Do you have any suggestions as to what to do with leftover turkey?
Just because you taped Immortal Beloved doesn't mean you have to watch it. Go for a walk. It will take your mind off things.
My mother-in-law bought my wife a hideous mirror for Christmas, which I cannot bear to have hanging in my house. She visits us frequently. What do I do?
Unless it was a really expensive mirror, the chances are that in a year or so she will have forgotten she bought it. I've already forgotten what I gave everybody this year, let alone last.
If, however, you think that the mother-in-law is one of those of fabled memory, here are a few suggestions: 1) keep it in a cupboard near the hall and have a hook waiting to receive it whenever the old girl rings.
2) Have children. Break the mirror and blame them. If you can't wait for children of your own, borrow a godchild. Failing godchildren, borrow a rugby team. Failing a rugby team, lend the hall out for an aerobics class.
3) If it's valuable, don't actually smash it, but use all the excuses above and put it in an auction somewhere a long, long way from home - Bristol would probably do, in your case.
Then again, you could bite your tongue and hang the mirror somewhere inconspicuous, such as the spare room. It's amazing how the human eye can filter out things it doesn't like once it's used to them; few people notice electricity pylons and TV aerials these days, though it was all they ever droned on about in the Seventies. I lived perfectly happily for five years out of a six-year tenancy with a Sixties coal-effect electric fire with veneer-effect plastic surround in my living- room. The same might happen to you.
Is it still socially acceptable to troll around the living-room gathering up discarded wrapping paper to save for next year?
Yes, but only the nice stuff. Save the rest for lining hamster cages.
Can you settle a disagreement? We went to our new neighbours for drinks on Christmas Eve. They obviously have a lot of money, yet their Christmas tree was artificial, and had multi-coloured fairy lights! My husband insists it was ironic, but I think they are just nouveau.
Honestly, I'm sure there are classes to help people like you get over their crippling snobbery. White fairy lights are a fashion fad; you'll be dusting off those flashing cerise-and-lime ones in a couple of years yourself. So what if they're nouveau? Wouldn't you rather be nouveau than pauvre?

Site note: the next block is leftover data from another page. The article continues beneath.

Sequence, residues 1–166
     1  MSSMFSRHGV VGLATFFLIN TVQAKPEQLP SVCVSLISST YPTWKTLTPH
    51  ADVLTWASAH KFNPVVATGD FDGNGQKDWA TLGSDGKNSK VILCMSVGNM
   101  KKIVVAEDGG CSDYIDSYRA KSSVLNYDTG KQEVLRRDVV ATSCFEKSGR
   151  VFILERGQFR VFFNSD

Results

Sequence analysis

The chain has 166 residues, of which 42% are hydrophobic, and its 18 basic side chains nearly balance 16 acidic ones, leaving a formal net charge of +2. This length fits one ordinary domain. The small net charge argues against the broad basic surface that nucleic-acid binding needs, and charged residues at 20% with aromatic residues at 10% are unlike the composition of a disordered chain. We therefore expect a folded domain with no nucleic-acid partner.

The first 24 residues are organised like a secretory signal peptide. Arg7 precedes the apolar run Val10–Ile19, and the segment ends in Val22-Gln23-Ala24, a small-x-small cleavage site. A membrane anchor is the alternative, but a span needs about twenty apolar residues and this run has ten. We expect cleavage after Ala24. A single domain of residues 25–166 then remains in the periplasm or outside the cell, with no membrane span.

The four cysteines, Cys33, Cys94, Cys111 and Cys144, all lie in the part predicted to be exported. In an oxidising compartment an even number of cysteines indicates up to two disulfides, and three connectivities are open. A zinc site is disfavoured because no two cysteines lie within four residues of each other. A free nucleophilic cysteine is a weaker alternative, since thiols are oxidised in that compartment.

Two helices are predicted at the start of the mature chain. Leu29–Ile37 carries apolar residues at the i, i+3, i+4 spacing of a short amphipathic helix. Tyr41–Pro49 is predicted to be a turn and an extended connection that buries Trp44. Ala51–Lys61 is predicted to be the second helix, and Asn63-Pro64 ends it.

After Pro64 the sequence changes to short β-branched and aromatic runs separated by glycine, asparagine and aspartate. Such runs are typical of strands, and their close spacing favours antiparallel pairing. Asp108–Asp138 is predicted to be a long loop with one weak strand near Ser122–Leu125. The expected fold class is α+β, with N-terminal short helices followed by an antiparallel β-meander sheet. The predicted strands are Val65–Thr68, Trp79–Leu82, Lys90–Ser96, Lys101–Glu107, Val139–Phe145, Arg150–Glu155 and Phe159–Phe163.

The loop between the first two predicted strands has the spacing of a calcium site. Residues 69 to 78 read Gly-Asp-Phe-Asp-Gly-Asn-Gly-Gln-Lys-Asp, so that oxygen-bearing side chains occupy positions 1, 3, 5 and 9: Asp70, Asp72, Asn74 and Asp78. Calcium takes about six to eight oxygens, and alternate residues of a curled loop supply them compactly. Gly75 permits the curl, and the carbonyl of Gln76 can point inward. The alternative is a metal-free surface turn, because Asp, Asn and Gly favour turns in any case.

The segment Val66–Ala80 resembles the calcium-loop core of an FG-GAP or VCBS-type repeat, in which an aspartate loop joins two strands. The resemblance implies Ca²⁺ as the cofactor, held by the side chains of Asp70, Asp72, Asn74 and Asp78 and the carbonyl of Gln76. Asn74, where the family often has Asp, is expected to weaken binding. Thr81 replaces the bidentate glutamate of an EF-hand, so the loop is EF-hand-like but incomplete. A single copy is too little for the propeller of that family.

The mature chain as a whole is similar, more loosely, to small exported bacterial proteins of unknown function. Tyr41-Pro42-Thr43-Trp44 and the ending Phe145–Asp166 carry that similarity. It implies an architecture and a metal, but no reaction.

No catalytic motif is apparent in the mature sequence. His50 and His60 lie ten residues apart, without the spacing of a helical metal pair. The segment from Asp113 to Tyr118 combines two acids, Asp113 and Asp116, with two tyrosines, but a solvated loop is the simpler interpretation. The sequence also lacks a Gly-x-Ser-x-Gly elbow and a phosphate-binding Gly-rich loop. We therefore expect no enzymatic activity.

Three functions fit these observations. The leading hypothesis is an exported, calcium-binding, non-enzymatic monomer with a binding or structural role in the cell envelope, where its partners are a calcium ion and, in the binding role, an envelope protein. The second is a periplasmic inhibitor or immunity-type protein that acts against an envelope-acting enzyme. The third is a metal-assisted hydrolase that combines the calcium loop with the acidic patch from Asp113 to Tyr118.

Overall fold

I only work one day a year and get very depressed in the interim. Have you any ideas how I can fill the time until next Christmas?
Simple, darling. Your namesake, Santa Palmer-Tomkinson, and her lovely sister Tara don't work at all, and they never get depressed. Just have a lobotomy, get your name down on the PR lists for all the launches, and you'll never be miserable again.
I know it's more than a year off, but I can't get to sleep with worrying about the millennium. Any suggestions as to how I could avoid it altogether?
Easy-peasy. Hire a boat and, on the fateful day in question, sail it from one side of the international dateline to the other at the crucial hour. That way, you can go from 31 December to 1 January without any danger of having to see Jools Holland outside Edinburgh castle.
I've just had a huge row with my mother-in-law, who wouldn't stop interfering in my preparations for Christmas dinner, decorations and games and so forth, and never shut up about the children's behaviour. Now she and my father-in-law have driven off in a huff, and my husband expects me to apologise. Do I have to? And why are mothers-in-law so difficult?
Oh, for heaven's sake. Get this into your head: Christmas isn't for you, and it isn't for the kids: it's a festival designed for good Christians to find out just what it is they don't like about their relations, and do something about it. From the sound of it, you have had a successful festive season; now just make the apology and start preparing next year's hostilities. And if you think your mother-in-law is bad, try marrying into a different religion next time; then you'll really know from mother- in-law problems.
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